A certainnum'ber of volt.-

amperes are required at the coil |3| for operation of the relay |36. If the current 4is increased the relay coil may be designedfor a lower voltage by giving it a lower impedance. Consequently the change of current resulting from a lamp burnout produces a smaller change in the voltage drop in the coil |3| and therefore in the voltage impressed across the remaining lamp. The presence of the resistor |56 serves to reduce the amount -by which the voltage rises on the remaining lamp when one of the lamps burns out.

The machine just described operates as follows: The `heater |49 of the' valve |66 is energized continuously by the secondary winding of the transformer H4 (Figure 10). Likewise the decorative lights I8 (Figure 1l) are energized continuously from the transformer winding H6. Some one of the score lights 38 (Figure 13) is energized at all times from the transformer winding ||2 through the contacter |43 and contacts |44 ofthe step switch Ailli. Whenever the contactors 13 and 14 (Figure l0) cf the target control .timer 58 engage one of the stationary contacts lil-b, etc., the corresponding target lights are energized from the transformer winding H1 through the coil i3| of the .reset relay |36.

When a coin is inserted in the coin chute |3 (Figure 9) and .the slide bar |26 thereof is pushed in, the rotating contact arm |43 of the score switch 14| is returned mechanically (mechanism notshown) to its zero or starting position. Also, the slide har |26 (Figure 9) engages the contacts |22 to close them and (in Figure 1l) energine the coil |25 .of the motor maintaining relay |24 (the contacts 86 of the target control timerbeing closed at the time). When the motor maintaining .relay |24 picks up, it closes its contacts |26 (Figure l1) which shunt the contacts |22 of the coinchute so as to maintain the coil |25 energized after the contacts |22 open. The operation of the relay |224 also closes the contacts ,|28 (Figure 10.) which sets the motor 16 of the target and .game control timer 56 into operation. Under this condition the contacts |2| (Figure 10) of the coin chute i3 are open so tha-t the photoelectric amplier remains deenergized except for the heater |66 which is energized continuously. The slide bar |26 of coin chute I3 (Figure 9) must be withdrawn promptly, .and to this endit conveniently may be provided with a spring (not shown) for returning it to its withdrawn position when released by the player who inserts the coin.

The return of the coin chute to its withdrawn position opens the contacts .|22 (Figure il) and thereafter closes the contacts |2| (Figure l0) to energize the photoelectric amplifier. In this condition the machine is in operation.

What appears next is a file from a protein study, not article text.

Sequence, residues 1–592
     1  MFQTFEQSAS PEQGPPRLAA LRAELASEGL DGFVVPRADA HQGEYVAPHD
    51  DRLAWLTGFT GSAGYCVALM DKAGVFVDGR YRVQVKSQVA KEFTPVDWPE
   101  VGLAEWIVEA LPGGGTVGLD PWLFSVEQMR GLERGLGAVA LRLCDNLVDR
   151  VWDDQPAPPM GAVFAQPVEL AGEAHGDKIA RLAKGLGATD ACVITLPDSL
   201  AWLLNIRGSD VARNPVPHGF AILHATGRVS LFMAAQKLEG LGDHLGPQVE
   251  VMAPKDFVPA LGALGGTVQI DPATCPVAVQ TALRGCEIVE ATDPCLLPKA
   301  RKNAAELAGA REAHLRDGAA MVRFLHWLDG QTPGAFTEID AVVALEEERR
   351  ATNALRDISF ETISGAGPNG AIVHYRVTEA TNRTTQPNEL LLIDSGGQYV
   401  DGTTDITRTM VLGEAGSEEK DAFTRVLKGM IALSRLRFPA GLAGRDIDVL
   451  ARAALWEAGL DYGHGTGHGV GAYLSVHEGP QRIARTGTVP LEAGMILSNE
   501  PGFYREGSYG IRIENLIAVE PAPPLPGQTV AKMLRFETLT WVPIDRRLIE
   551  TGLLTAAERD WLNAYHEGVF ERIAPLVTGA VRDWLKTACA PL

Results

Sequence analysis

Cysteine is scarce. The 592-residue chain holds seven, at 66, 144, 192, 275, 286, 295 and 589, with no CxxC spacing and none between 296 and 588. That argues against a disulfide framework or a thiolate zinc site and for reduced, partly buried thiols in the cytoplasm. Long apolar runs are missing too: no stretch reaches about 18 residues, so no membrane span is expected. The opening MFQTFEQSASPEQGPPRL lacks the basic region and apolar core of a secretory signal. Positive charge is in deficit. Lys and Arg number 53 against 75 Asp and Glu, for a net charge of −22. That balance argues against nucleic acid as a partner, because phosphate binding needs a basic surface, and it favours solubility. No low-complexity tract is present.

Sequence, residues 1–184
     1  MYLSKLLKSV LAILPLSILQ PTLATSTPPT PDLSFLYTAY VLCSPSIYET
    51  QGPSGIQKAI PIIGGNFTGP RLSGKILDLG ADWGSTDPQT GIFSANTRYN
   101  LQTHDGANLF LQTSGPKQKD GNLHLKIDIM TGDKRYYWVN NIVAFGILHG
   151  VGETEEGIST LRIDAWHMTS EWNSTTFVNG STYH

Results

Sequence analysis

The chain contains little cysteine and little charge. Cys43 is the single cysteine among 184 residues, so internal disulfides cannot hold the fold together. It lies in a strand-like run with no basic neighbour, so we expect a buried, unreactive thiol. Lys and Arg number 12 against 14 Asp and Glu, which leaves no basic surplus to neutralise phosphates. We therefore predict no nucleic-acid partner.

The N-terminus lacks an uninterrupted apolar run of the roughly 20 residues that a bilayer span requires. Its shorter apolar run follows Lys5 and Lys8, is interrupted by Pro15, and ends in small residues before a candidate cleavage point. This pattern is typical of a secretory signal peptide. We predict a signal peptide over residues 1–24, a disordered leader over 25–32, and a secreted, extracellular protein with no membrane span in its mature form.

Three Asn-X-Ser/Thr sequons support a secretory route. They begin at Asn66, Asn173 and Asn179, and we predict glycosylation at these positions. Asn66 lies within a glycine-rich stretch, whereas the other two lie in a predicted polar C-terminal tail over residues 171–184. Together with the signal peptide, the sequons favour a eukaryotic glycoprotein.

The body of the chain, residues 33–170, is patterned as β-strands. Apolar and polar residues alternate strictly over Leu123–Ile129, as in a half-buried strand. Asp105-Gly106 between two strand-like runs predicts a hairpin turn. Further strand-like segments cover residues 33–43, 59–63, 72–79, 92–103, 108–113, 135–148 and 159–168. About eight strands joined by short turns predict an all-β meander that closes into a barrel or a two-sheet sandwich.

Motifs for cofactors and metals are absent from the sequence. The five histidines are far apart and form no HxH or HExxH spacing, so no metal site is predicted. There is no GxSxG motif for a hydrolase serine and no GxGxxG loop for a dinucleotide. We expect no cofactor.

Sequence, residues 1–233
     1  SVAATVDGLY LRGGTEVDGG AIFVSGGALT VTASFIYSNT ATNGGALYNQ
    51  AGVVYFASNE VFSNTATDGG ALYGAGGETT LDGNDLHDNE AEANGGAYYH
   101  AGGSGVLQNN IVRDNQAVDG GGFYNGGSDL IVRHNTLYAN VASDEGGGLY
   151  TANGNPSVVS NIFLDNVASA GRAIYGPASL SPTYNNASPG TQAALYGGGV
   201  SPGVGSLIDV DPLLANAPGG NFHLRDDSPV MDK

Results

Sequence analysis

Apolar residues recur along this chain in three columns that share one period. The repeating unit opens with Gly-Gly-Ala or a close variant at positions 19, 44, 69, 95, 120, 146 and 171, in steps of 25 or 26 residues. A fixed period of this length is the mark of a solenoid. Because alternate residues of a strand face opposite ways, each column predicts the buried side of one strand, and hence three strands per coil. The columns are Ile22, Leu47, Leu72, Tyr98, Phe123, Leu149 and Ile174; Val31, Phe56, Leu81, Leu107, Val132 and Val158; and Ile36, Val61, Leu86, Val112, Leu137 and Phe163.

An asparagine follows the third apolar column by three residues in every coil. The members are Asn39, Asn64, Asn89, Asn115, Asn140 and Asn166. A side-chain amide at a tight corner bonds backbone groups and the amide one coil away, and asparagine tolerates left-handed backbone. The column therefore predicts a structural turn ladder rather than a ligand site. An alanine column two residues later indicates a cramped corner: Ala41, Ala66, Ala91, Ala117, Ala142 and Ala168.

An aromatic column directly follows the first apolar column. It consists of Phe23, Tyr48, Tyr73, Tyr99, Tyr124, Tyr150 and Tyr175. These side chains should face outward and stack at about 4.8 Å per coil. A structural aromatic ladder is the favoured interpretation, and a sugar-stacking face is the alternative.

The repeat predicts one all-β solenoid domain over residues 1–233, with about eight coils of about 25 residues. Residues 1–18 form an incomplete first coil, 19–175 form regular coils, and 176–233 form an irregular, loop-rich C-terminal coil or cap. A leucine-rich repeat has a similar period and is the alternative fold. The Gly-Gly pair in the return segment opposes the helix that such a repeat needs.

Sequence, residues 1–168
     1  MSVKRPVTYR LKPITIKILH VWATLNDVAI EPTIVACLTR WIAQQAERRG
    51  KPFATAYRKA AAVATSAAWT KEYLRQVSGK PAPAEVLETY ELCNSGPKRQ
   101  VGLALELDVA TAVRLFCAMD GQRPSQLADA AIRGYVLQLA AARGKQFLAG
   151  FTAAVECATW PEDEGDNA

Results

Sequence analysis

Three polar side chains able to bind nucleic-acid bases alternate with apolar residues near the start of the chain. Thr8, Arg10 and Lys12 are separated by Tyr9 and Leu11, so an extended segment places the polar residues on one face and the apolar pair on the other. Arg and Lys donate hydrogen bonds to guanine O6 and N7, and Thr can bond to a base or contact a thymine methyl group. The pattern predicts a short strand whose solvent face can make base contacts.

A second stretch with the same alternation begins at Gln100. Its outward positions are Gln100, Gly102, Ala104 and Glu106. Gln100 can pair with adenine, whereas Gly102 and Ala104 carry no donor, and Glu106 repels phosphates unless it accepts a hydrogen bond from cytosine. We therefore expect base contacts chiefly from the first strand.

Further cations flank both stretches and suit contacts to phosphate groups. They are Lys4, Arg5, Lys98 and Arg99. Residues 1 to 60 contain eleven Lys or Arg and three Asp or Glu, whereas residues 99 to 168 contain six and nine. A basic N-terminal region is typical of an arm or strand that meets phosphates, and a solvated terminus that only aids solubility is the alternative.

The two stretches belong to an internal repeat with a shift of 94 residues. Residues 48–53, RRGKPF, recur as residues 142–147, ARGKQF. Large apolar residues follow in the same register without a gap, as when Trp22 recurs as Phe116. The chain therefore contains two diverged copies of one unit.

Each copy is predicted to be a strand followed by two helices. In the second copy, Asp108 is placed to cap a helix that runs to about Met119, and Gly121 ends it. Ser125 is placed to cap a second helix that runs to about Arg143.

Prior to the time that the .slide har |26 of the coin chute .I3 is operated, the core 96 of the shot control timer '63 was in .its released position or lowermost position. Under that condition, its lcontacts |63 (Figure 1l) were open so that the shuttermagnet 41 .could `not he energized. `Also .contacts ,|64 (Figure 10) were open vto prevent operation .of the relay |33. Consequently the ,gun `could not be shot and hits could not be indicated. or recorded. 'I he contacts '66 (Figure 1l) were `open. In addition, the target lamps (Figure lo) of one ci the targets were illuminatedand .the coil Il (Figure 16) of the reset relay |36 was energized. Consequently .contacts y|33 (Figure 1 1.) were open andcontacts |32 (Fig-- ure 11`) were closed. So long as the trigger A52 (Figure 4) of the gun I I is released, the contacts 55 (Figure ll) of the trigger switch are open and the contacts 56 (Figure 1l) are closed.

As the game and target control timer 58 begins its operation, as above described, its rotatage of the transformer winding H3 is impressed` across the coil l to draw up the core 50 (see Figures 7 and 8) to its sealed position. When the core 30 of the shot -control timer 33 reaches its uppermost position, it closes its contacts 89 (Figures 7 and l1) to for the coil 8l, (Figure ll) which circuit includes the normally closed contacts 58 of the trigger switch, the contacts 89 and the resistor |33. The contacts |03 (Figure ll) ofthe shot control timer also are closed when the core 80 is drawn up. Contacts |04 (Figure l0) have closed but contacts |00 have opened so that the plate circuit relay still may not be operated.